Erectile Dysfunction (ED): Why it May be a Warning of Underlying Physiological Issues


Most men dismiss the first or second incidence of erectile dysfunction as an embarrassing moment, one that should be brushed from memory as swiftly as possible. Perhaps, they believe, they had a bit too much to drink, or too little sleep, or a financial issue preying heavily on their mind. Work has been stressful, and a vacation long overdue. The idea that bedroom problems could indicate a need for a physical examination might not be the first idea that appeals to men, yet erectile dysfunction or erectile disorder (ED) may be a sign of physiological pathology.4

Erectile dysfunction is defined as the inability to develop and maintain an erection long enough to achieve sexual intercourse or sexual activity. At present, there is no uniform standard for how frequent the problem should be to be considered ED, but the typical criteria are that dysfunction should be present for at least six months.

The most strongly associated factor for ED in males in the United States is age, according to incidence and prevalence studies. The Massachusetts Male Aging Study demonstrated that ED becomes “increasingly prevalent with age”. Approximately 40% of men are affected at age 40 and nearly 70 % by age 70. The prevalence of complete ED increased from 5% at age 40 to 15% by age 70. The study also found approximately 617,715 cases diagnosed in the United States annually. Although other factors enter sexual health as men age, such as lower sexual desire, age remains the biggest variable.1

At Issue

Since the 1990’s, erectile dysfunction has been commonly discussed through media, movies, and television. Unfortunately, with the stunningly rapid FDA approval of Sildenafil in 1996, it seemed the “little blue pill” was everywhere by 1998. It was sitting on desks in physician offices, sample boxes handed out and then prescribed like pharmaceutical gold. Although Viagra just turned 20, it is hard to believe it was originally designed as a blood pressure medication. The wondrous effect it had on ED was an unexpected “side effect”. Alternatives (Cialis, Levitra) and generics have since arrived, but unfortunately, so has the Internet. Men can obtain medication from the wonders of their couch, with a phone call or click away from the potential dangers of medicines that could provoke an adverse event.1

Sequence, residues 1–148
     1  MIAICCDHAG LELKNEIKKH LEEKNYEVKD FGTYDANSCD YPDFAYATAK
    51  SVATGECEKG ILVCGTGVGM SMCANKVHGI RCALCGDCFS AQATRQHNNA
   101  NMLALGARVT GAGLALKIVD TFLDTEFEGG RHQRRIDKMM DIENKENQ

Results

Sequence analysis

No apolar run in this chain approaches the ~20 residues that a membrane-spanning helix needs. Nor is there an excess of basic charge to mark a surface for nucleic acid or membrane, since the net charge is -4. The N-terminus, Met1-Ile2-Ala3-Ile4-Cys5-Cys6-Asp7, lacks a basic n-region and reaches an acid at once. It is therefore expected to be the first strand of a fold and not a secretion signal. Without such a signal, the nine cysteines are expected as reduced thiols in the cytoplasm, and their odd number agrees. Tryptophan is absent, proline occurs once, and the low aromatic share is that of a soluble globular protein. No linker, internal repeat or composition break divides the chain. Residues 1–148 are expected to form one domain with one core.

This is hardly progress. They may not understand the hydraulics problem they wish to “fix” is complicated and based on psychological and physiological processes.

How an Erection Works

From a purely simplified explanation, an erection occurs when extra blood is delivered to the penis, kept there for a duration of time for a sexual event to occur, then promptly drained away. This would imply that a healthy vascular system is present, with a healthy neurological system controlling it. One of the earliest warning signs of atherosclerosis may be problems with ED, according to Harvard’s Dr. Michael P.  O’Leary, author of a report on Erectile Dysfunction, a Special Report from Harvard Medical School that discusses how erections can “serve as a barometer for overall health.”2

But this is too simplistic. There are physiological, neurological, as well as psychological issues that may affect the body’s ability to achieve and maintain erections. Men with neurological disorders such as MS, spinal disease, Parkinson’s, and similar conditions that affect the nerves’ ability to communicate messages to the genitals may have difficulties with ED. Behavioral and mental-health concerns may also affect sexuality, especially depression. Medications that are utilized to treat these conditions have side effects that could impair sexual health and function.5

Diseases Affecting ED

Men who are significantly overweight, smokers, or diabetic are more likely to have difficulty with erections. Obese men (those with a BMI > 30) are estimated to be 2.5 times more likely to be diagnosed with ED. Diabetics may be four times more likely to suffer from ED than men without diabetes; additionally men with diabetes suffer from ED at a younger age, often 10-15 years before their counterparts who are healthy. Years of diabetes may also lead to neuropathy, which affects the smaller nerve fibers required for healthy erections.3